And at this point, we can safely introduce the star cast of this story — Perpetuals and AT-1 Bonds.
Perpetual bonds don’t have a fixed maturity. So there’s no obligation for the borrower to pay back the principal and that extra yield on top, ever. But this poses an interesting question. Why are perpetuals worth anything if the borrower isn’t obligated to return the money? It’s a nice point. But alas, there’s a rather simple answer — Perpetuals might not offer you the principal, but they do offer periodic interest. THIS is what gives them value.
And the AT-1 bond (central to this story) is a perpetual. So let’s start looking at this bad boy.
For starters, banks issue these bonds in a bid to raise money and cushion their coffers. It’s to make sure these institutions have enough cash to stave off a crisis. However, back when AT-1 bonds were originally introduced, there weren’t a lot of takers. Nobody was willing to lend money in return for one of these bonds. Which is when banks were forced to add a call option alongside these instruments. This option allowed the banks to prepay investors before maturity. The norm was set at 5 or 10 years. Meaning, lenders could now expect to see their money at some fixed date in the future. It didn’t feel like a perpetual waiting exercise.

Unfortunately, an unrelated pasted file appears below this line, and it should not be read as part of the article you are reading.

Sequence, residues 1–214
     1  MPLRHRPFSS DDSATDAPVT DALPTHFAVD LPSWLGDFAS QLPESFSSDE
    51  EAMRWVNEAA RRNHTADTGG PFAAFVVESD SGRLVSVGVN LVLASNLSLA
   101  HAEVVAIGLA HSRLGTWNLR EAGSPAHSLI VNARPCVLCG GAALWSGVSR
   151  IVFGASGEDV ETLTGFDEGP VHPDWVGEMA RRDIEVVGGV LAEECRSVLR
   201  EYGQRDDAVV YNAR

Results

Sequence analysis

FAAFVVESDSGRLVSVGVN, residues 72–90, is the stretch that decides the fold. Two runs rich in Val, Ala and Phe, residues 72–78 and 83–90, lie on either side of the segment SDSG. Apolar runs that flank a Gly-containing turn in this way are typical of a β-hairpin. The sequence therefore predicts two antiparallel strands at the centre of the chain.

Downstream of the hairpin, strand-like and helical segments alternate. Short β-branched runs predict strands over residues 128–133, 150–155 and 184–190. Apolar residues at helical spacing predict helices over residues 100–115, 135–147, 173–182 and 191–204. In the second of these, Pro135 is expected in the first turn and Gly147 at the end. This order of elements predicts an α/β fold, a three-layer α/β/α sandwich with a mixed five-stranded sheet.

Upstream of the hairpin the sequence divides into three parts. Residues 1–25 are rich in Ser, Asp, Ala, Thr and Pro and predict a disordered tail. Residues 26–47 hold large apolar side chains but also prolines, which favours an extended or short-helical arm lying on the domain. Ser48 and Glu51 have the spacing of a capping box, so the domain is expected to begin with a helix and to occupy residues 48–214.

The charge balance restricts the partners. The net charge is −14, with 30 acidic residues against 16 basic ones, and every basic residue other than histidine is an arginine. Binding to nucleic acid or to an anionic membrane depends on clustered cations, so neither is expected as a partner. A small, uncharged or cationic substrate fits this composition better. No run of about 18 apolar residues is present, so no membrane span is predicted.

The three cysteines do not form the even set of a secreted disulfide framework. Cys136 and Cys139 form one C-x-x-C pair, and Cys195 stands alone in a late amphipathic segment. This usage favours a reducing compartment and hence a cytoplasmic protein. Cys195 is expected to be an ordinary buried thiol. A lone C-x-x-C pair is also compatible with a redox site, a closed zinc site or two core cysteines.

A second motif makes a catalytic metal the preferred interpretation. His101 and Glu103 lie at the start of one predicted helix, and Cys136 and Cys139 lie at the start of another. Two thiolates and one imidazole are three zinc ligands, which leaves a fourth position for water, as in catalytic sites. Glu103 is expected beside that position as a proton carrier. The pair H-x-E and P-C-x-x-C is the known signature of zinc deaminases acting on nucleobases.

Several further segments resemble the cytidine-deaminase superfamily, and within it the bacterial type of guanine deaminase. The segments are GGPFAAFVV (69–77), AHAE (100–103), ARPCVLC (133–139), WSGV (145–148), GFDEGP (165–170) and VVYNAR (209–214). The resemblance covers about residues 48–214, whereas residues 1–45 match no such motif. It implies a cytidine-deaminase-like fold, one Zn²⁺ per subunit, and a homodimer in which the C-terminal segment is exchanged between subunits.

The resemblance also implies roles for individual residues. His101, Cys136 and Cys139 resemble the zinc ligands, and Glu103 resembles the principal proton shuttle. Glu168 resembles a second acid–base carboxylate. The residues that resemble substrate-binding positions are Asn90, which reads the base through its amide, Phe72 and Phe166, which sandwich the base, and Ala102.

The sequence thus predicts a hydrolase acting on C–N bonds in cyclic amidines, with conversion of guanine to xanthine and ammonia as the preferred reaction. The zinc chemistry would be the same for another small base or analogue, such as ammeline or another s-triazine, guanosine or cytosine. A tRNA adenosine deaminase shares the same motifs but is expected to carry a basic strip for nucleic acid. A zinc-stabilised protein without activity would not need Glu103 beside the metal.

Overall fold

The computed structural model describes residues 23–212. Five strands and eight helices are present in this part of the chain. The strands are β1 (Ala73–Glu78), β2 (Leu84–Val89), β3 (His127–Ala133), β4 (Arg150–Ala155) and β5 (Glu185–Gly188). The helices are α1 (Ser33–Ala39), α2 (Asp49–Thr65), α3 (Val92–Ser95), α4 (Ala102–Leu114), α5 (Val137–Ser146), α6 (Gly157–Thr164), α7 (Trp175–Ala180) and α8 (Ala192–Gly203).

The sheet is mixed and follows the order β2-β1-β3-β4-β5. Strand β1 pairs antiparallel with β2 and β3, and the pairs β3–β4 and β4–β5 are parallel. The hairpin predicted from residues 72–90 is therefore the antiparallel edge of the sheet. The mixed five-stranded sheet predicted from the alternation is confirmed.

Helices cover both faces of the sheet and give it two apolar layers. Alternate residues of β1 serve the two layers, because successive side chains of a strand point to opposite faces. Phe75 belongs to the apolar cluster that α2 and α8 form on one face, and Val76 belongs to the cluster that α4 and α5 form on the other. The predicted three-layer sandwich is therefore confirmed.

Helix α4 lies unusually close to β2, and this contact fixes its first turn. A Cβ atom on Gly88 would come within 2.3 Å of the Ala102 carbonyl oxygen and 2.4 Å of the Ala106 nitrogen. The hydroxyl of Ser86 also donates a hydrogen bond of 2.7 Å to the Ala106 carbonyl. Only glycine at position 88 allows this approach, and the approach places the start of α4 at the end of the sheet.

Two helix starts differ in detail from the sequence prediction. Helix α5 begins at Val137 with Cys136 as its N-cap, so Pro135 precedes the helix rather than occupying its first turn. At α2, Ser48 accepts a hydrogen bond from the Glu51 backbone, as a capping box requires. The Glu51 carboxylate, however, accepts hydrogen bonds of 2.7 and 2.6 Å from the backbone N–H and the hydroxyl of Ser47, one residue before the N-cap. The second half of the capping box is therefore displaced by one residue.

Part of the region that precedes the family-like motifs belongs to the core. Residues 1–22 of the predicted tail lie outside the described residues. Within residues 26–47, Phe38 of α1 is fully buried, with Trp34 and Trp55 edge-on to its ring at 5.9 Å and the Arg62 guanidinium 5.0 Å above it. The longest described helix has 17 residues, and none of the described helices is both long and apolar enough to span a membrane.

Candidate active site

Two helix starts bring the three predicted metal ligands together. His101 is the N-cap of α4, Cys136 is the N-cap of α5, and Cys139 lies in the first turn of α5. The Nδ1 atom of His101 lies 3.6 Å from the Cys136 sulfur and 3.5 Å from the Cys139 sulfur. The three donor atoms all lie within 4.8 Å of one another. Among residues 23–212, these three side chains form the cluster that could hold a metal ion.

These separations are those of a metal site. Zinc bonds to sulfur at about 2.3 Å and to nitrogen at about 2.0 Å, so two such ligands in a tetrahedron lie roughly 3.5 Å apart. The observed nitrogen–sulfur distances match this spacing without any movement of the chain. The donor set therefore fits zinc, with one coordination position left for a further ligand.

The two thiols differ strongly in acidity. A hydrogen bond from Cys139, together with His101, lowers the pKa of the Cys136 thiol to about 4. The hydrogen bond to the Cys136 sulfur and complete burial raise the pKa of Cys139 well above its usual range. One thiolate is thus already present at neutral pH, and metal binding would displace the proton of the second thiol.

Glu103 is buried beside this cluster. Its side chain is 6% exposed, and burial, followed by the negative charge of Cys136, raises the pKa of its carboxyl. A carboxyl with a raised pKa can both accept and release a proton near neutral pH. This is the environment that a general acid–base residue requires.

However, once again there was no obligation for the bank to trigger the call option and return the money. It was still at the bank’s discretion. More importantly, they could even skip making the interest payment if they failed to turn a profit. So by all measures, these bonds were risky as hell.
And then things got worse. When Yes Bank was crumbling under pressure, the RBI intervened, assumed full control of the bank and brokered a bailout. Following which all Yes Bank AT-1 bonds were written off. This meant the bank no longer had an obligation to pay the interest or exercise the call option. For all practical purposes, the bonds were deemed “cancelled” and they were pronounced “worthless.”
It was a sad ending, but one that sent alarm bells ringing all across the board.